Beaver, Castor canadensis,
home range size and patterns of use
in the taiga of southeastern Manitoba:
II. Sex, Age, and Family Status

Michelle Wheatley

Taiga Biological Station, Department of Zoology, University of Manitoba, Winnipeg, Manitoba R3T 2N2

Present address: Dr. Michelle Wheatley, Director of Wildlife Management, Iqaluit, TN, X0A 0H0

 

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Wheatley, Michelle. 1997. Beaver, Castor canadensis, home range size and patterns of use in the taiga of southeastern Manitoba: II. Sex, Age, and Family status. Canadian Field-Naturalist 111(2): 211-216.

 

Abstract

The differences in home range size and patterns of use relating to age, sex and family status for 25 Beavers living in family groups, and 9 non-family Beavers in summer and 23 family and 4 non-family Beavers in fall, were examined in southeastern Manitoba. Home ranges were larger for non-family Beavers (mean =17.56 ± 3.8 ha, n =9) than for those living in family (mean =7.74 ± 0.87 ha, n =25) groups in summer (T =233.5, p < 0.005) but not in fall (T =78.5, p > 0.1). Core areas were also larger for non-family animals in summer (T =211.5, p < 0.05) but not in fall (T =63, p > 0.1). The percent of home range area included in the core area and the percent of activity within the core area did not differ significantly between family and non-family Beavers in either season (p > 0.1). Within families, adult females had smaller home ranges than other family members in summer (p < 0.05) but not in fall (p > 0.1). Home ranges did not differ significantly in size among all other family members in both summer and fall (p > 0.05). Core area size, percent of home range area included in the core area and percent of activity within the core area did not differ among the sex and age classes within family groups (p > 0.1).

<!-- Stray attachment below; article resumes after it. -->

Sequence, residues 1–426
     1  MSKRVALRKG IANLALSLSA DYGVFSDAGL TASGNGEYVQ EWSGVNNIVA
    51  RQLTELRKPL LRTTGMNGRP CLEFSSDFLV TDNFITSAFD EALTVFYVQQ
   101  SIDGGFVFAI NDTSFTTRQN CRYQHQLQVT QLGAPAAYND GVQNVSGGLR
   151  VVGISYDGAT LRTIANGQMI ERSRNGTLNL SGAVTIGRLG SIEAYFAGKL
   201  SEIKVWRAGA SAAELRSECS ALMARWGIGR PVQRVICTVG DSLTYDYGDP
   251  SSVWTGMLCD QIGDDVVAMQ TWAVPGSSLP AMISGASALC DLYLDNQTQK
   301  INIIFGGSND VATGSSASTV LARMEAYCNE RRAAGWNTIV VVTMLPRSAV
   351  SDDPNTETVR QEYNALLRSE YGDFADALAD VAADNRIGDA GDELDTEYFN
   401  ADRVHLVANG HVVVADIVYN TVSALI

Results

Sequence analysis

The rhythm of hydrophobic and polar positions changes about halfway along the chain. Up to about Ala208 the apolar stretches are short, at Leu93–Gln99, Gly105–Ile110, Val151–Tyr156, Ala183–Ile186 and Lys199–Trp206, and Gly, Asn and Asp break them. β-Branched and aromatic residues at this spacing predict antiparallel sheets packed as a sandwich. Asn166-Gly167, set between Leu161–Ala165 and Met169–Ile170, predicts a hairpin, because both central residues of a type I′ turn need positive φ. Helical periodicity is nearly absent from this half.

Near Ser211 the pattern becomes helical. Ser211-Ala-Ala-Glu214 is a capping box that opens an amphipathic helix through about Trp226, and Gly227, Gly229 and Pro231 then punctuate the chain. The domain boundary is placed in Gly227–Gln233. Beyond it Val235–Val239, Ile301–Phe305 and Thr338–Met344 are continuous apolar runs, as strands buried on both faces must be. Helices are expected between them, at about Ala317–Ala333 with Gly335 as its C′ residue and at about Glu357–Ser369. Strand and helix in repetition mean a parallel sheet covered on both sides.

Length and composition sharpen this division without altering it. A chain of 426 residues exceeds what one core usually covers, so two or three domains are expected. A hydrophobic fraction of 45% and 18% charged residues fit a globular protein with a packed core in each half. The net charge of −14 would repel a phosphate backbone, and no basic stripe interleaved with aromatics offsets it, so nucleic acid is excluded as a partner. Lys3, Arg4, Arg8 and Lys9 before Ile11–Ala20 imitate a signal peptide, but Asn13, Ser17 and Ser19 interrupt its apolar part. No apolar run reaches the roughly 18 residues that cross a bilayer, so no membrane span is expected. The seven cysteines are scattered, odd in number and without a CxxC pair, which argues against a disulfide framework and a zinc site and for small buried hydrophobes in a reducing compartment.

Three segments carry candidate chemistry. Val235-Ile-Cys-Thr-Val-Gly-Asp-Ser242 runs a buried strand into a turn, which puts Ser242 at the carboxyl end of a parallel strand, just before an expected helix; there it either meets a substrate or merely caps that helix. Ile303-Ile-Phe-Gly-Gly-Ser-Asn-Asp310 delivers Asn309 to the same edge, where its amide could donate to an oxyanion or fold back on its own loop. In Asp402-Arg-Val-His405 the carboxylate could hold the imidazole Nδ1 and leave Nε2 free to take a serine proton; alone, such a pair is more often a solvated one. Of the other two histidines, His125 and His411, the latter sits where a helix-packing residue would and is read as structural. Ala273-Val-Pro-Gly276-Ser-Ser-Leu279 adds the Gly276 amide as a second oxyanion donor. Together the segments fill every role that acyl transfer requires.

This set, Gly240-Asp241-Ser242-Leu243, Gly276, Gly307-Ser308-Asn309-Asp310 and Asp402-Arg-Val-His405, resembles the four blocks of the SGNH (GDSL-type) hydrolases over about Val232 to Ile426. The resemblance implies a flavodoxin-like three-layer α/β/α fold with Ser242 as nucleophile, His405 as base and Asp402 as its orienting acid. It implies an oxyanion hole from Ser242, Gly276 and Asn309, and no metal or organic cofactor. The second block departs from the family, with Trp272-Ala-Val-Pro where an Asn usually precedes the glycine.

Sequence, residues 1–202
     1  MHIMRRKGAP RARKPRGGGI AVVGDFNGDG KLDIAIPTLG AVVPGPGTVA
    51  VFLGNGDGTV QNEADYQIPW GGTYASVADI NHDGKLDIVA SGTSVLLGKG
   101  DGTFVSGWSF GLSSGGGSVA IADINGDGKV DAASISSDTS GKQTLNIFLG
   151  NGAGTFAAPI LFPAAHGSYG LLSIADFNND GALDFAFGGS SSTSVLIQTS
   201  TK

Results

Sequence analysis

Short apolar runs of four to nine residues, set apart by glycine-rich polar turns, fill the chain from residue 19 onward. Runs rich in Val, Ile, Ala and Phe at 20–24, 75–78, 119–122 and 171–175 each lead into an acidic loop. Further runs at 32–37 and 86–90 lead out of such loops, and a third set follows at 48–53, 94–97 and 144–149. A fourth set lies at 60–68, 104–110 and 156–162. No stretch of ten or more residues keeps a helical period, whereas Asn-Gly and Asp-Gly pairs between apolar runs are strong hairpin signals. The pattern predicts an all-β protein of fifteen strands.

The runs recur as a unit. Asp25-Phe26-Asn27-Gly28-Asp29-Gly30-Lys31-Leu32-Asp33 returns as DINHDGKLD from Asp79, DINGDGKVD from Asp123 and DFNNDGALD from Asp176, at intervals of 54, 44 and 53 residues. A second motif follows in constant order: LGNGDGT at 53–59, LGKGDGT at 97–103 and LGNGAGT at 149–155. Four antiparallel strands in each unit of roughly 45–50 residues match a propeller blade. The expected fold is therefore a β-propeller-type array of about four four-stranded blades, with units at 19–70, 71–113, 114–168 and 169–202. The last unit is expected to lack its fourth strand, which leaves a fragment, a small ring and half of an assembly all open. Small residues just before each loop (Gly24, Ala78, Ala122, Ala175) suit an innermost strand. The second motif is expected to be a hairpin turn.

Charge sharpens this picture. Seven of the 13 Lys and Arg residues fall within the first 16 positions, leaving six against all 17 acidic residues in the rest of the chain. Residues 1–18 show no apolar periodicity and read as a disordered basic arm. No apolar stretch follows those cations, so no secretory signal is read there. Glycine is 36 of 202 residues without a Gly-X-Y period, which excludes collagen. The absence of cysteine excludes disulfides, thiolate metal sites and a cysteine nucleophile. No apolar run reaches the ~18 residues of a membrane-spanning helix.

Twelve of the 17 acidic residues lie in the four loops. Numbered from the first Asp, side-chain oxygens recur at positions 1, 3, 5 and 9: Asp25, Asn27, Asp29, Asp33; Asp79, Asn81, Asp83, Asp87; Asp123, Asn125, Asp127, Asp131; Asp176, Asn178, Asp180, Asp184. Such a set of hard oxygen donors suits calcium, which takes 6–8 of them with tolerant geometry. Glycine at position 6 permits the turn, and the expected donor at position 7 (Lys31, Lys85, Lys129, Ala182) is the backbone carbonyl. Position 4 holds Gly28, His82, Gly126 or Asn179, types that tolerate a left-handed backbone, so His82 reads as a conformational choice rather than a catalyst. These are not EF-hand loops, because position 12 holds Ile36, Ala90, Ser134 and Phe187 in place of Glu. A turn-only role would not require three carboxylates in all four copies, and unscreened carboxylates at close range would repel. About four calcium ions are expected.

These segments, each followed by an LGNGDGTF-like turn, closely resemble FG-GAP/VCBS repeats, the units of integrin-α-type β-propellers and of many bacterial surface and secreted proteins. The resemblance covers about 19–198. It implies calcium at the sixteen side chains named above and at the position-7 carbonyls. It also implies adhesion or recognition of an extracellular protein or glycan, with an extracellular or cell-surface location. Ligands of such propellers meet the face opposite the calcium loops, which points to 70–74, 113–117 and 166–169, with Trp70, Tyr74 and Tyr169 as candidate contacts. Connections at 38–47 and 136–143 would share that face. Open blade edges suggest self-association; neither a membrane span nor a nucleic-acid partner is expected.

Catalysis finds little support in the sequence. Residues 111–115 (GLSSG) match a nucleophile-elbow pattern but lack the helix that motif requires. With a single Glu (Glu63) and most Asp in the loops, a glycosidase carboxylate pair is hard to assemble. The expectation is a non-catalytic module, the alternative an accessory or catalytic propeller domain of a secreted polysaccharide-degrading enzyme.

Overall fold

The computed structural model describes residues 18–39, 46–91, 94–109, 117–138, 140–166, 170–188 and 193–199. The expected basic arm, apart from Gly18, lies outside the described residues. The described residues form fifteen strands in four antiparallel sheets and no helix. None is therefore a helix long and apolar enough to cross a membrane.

Key words: Beaver, Castor canadensis, home range, boreal forest, Manitoba.

 


 

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